Sunday, February 12, 2006

Meditation on a white amaryllis

I wanted to plant an amaryllis bulb in time to bloom for the holidays. But I bought and planted it late, after Christmas in fact. I watered it faithfully, and after several weeks, last Wednesday my amaryllis bloomed.

It takes patience to wait for blossoms. For weeks you water the bulb in the pot, with no apparent result. The bulb's dry, homely neck and shoulders sit above the soil, and you're convinced nothing will ever come of it. Then, maybe four weeks in, a chartreuse tongue appears at the top of the bulb. Quickly, it seems, the stem grows. In just a few days it reaches eighteen inches. Then for another week or two, four chrysalis-like buds emerge from the very top of the stem and prepare to open. At last, one at a time, each bud flowers, facing east, south, west and north, like blades of a helicopter. The orbit of blooms is worth the long wait.

I would like to propagate a bulb. This requires even more patience. You must pollinate the pistil with the pollen on the stamens, then wait for seeds to form in the ovary. After removing, drying and planting seeds, it takes three years for bulbs that will flower to grow.

This is one of those areas of life where I ask, if someone else didn't do this for me (take care of propagating plants and bulbs so I can just plant them), would I know how to do it? I have one lifetime (maybe?). In this era of technology, what fundamental survival skills do I know? If all the computers crashed, what then? If I couldn't buy groceries, could I grow enough to sustain myself? If no one else repaired our mechanical gadgets, could I?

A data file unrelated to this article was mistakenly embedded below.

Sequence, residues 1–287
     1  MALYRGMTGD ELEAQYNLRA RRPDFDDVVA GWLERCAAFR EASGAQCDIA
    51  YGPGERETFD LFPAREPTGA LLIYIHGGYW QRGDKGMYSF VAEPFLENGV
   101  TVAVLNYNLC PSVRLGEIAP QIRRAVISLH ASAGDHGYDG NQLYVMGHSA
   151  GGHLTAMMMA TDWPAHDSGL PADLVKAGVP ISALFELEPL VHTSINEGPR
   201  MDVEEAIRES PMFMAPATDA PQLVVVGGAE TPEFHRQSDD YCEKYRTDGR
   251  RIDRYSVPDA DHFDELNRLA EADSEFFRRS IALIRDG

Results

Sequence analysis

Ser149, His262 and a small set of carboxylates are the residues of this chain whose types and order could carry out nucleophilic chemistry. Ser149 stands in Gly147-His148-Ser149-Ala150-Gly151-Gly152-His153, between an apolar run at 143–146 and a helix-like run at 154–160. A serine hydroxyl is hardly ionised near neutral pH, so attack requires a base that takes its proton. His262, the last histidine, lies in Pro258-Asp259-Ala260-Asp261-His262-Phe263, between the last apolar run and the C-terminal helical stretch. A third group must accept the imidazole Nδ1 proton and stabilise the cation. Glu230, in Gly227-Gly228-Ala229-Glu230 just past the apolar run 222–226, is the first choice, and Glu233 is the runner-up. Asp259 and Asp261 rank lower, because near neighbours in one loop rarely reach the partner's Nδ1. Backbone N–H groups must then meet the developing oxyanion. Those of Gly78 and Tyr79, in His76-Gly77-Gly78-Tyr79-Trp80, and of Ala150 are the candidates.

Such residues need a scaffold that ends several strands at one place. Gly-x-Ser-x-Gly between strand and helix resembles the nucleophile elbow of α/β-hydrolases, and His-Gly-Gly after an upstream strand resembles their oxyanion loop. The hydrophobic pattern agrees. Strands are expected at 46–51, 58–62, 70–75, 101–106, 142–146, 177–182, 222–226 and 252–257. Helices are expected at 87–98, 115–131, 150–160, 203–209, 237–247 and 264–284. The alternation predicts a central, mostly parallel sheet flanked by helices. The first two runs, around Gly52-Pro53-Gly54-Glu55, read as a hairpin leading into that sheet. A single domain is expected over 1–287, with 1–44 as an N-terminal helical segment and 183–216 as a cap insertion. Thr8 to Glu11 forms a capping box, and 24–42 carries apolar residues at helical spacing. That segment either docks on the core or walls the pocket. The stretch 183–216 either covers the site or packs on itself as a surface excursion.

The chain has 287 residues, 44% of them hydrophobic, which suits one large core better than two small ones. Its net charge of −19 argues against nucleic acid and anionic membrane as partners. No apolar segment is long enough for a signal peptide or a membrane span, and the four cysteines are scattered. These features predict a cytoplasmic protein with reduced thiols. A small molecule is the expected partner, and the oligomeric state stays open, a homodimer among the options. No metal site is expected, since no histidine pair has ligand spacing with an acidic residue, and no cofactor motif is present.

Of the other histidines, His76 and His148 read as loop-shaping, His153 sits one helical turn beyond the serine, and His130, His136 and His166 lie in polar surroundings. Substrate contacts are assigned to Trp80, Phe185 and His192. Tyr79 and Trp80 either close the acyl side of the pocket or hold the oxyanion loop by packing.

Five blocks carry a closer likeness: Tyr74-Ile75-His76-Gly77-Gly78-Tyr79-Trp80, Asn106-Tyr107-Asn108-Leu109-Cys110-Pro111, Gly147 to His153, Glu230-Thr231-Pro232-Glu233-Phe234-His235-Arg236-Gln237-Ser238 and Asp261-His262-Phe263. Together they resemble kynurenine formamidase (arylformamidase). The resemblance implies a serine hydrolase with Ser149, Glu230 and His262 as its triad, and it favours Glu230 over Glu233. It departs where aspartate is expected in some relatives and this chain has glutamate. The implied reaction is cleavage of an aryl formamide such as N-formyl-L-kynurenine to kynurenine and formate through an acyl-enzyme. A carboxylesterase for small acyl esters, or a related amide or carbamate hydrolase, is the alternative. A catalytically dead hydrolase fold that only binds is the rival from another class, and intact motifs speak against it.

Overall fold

Though I may never have to depend on myself for some of this know-how, it is gratifying to learn at least a few such life lessons, to be more connected. My Donald, who knows how to do so many things, is patient with me as I grow.


rachel said...

So... are you going to do it- are you going to propagate the seeds?

Ginnie said...

Ruth, this post is so very wonderful! I know exactly what you mean about not wanting to be so dependent on everyone else. I'm sure it doesn't make sense to keep reinventing the wheel but there is surely something to be said for learninbg how to do things on our own.

And I love your photos! How did you learn to do those macro shots???

Ruth said...

Rach: I think I will try it! The third bloom is opening today, and there will be one more. So I have four shots at it! I wonder . . . do I use a q-tip? Did you ever do this in your plant biology classes?

Ginnie: Thank you! I learned from the masters (you, PG, Paul). I'm experimenting with my new camera, which has many helpful settings. I love digital! Instant feedback, right?

Amy said...

Beautiful pictures, Ruth! I had a couple amaryllis in my wedding bouquet and just love everything about them. I don't have the patience to propagate the seeds, but I'll sure enjoy seeing pictures of the results! :-)

rachel said...

I read to use the tip of a dental hook or a toothpick. It said you can wet the tip with saliva if the pollen is dry and doesn't stick. It seems like a Q-tip would immitate a bee more closely, but maybe it's not as reliable, or maybe it could cause harm to the stigma if pressed too hard.

Then, maybe you can experiment in cross pollination and make an arabesque amaryllis.

lesleyanne said...

i like rachel's idea of an arabesque amaryllis. i think you should definitely try to propogate. what an amazing idea.

Ruth said...

Amy: I forgot you had them in your bouquet! (or,more likely, I didn't notice back then)

Rachel: Thanks for the lab info. I like the idea of cross propagation; next year I could buy one red and one white, then see if I can come up with arabesque. :)

Les: I could give you one of the seedlings!

Ginnie said...

New camera, Ruth? When and what? Inquiring minds and all....